Saturday, October 24, 2009

A Quick Word... A Fairytale

It is a common misconception that all the witches of the world cast elaborate spells of grand design and complex undertaking, so that a child of their own dislking might fall into a deep sleep at the sound of their true name, or if they ever see their reflection without a ruby necklace on.

The old crone Finnigas for one, was certainly not one of these witches. She had the evil intent of course, but none of the stamina and study required for all those high-falutin' show-off spells. Instead she believed in the simple. The tried and true. She believed - quite simply - in pure evil.

Finnigas spent her days weaving thick patchwork quilts, which in sunlight shone with bright and delightful colours, but by night released powerful images into the purchasers head, ghostly apparitions and delusions that would wake them with a quaking fear. Finnigas got no personal reward from these dreams, except the one that she enjoyed most of all - the misery of others. That was until one day Miss Elizabeth Crutchill came storming into the marketplace, demanding that after buying a quilt last week she had slept fitfully for three nights in a row, the unborn baby in her belly kicking like a mule in chains, and that the nightmares had not ended until the quilt had been thrown on the fire. She called Finnigas a fraud and a sadist, and urged the others of the market to avoid her cursed bedspreads as if they were diseased to the touch. The townsfolk began to rally around, echoing complaints about their nights of sleep with the quilts, until the mayor himself demanded that they all be burnt in the town square (especially the one he had on his own bed), and that Finnigas be exiled.

Finnigas seemed not to respond to any of these accusations, and to merely grunt for most of the speech, but in actual fact she was muttering, her eyes closed and all her concentration focussed on Mrs. Crutchill as they chained the old hag up and dragged her to the woods. The further away she got the louder her voice became, until she finally cackled with wild laughter, and the woman's pregant belly began to glow with a violent red.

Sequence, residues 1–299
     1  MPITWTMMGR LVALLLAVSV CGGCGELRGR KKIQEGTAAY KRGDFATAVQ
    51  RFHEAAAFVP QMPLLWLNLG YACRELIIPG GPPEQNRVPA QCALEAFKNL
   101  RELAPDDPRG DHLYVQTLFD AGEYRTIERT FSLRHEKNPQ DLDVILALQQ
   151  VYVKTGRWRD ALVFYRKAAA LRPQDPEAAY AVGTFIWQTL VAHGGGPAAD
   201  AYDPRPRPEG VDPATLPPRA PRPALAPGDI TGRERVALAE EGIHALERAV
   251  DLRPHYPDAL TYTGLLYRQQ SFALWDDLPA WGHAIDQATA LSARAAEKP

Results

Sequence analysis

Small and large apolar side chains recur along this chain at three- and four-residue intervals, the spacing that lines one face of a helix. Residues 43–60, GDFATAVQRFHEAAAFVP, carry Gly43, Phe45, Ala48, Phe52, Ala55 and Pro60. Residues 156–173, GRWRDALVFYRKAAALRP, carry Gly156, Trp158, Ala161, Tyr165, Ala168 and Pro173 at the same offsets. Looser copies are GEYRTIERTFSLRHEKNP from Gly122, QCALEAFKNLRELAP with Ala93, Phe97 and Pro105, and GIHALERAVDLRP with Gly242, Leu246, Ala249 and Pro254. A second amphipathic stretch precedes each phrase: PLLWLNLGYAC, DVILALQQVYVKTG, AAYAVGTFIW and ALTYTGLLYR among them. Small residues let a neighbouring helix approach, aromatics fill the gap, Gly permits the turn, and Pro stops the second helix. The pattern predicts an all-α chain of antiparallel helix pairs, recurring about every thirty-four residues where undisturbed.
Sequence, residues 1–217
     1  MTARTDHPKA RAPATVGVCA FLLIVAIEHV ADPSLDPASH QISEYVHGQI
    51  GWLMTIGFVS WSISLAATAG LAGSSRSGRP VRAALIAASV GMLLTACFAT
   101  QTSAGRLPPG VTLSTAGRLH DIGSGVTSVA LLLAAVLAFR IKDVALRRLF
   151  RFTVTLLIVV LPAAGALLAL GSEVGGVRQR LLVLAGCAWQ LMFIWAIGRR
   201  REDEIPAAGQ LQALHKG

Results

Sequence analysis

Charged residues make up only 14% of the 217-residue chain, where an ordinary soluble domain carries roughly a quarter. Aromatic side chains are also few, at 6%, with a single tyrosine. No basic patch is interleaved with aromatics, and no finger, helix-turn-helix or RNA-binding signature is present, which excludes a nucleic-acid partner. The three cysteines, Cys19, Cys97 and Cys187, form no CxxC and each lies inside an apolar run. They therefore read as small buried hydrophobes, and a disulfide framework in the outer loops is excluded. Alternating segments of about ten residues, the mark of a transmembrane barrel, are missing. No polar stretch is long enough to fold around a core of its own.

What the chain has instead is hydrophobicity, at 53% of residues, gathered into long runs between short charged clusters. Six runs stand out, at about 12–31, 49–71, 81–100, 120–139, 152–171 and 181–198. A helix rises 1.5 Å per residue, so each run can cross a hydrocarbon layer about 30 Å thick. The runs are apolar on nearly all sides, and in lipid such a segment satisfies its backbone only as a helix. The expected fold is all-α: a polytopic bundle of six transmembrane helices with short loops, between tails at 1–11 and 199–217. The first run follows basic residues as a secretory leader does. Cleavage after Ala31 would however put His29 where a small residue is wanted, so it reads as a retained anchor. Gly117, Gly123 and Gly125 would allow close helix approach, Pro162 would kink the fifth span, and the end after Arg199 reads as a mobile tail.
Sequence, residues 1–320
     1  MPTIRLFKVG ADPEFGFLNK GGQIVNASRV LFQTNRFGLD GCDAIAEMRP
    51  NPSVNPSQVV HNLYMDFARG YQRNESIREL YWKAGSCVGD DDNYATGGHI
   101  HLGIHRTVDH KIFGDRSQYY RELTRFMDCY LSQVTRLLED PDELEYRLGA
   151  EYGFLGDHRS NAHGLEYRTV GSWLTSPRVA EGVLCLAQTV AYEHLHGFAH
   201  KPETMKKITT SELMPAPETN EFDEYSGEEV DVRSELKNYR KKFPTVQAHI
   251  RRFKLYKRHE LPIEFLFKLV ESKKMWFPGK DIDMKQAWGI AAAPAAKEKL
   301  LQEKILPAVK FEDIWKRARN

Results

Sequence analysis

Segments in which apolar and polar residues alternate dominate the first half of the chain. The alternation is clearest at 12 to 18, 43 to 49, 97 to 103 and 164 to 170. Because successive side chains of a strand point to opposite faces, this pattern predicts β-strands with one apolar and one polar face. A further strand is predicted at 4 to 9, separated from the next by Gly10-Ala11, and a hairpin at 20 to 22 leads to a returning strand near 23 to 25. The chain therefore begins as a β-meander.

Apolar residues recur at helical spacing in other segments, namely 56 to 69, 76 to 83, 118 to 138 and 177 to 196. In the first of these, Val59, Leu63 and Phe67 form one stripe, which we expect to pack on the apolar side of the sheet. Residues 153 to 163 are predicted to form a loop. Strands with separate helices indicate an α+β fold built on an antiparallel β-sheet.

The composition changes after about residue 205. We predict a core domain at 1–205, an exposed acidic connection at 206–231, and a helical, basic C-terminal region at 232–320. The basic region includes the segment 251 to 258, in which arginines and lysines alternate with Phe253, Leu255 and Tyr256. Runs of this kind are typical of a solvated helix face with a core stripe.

A nearby expert in lore advised Mrs. Crutchill that the curse that had been placed upon her was centuries old, and very simple. It was a sadness curse, not in that it made the bearer sad, but made it impossible for them to be happy. If her unborn child ever became gleeful, the wizened passer-by told her, he would most certainly die.

So as soon as he came kicking and screaming into this world, Mrs. Crutchill's son Jack was tapped and flicked and smacked and told-off constantly. He was put through rigorous chores and taxing tests. All holidays were forgotten or ignored, so that by the time we see him on his fourteenth birthday, he would be no wiser if you had told him he had just turned ten.

Jack Crutchill had lived fourteen years of misery thanks to the old witches curse, and any time a glimmer of hope had presented itself to him, it had soon been squashed by his overcontrolling mother. They ate only the most basic foods, so that he was alive but never fully satisfied. Friends were simply out of the question, and playing even more so. There were however, always chores to be done, and so for now Jack occupied his time with those.

Then on this day - his fourteenth birthday you will recall - he heard sobbing from his mother's study. She spent most of her time in there these days - though the room was out of bounds to Jack and he had no idea what on - but he had never heard her cry so miserably, and it made his heart ache with a shared sadness to hear her so upset. Passing the door he noticed that the reason he had heard her for the first time, was that she had neglected to lock it today, and so he pushed it softly open.

He found her poring over books. The volume she read now was entitled Miserabilis Vomicus and it was over this that she had been weeping. She had not noticed him enter and so he crept up behind her and read the book over her shoulder:

The curse is not easily broken, the book said, and without the co-operation of the original curser, the only real option is to help the individual lead a life of subtle but comfortable misery.

The boy read the words and something in his mind clicked. His head span and he took a step backwards, taking in the room around him. Wall to wall it was covered in presents and letters, cards and toys. Some read 'Happy 5th Birthday' or 'Congratulations To a Man of 12.' Others read 'Merry Christmas' or 'Happy Easter'. Everything his mother had denied him had been locked safely in this room, as if she could not bear to not buy gifts for her son, and yet then could not bear to give them. He looked around and soaked it all in, and then realised: she loves me.

There was the soft thump of a body falling to the floor, and the grieving mother turned from her tears and spun around to face the sound. The boy lay on the hard stone, dead. His eyes were open but unresponsive, his heart warm but not beating. And on his face, was a first - perfect - smile.

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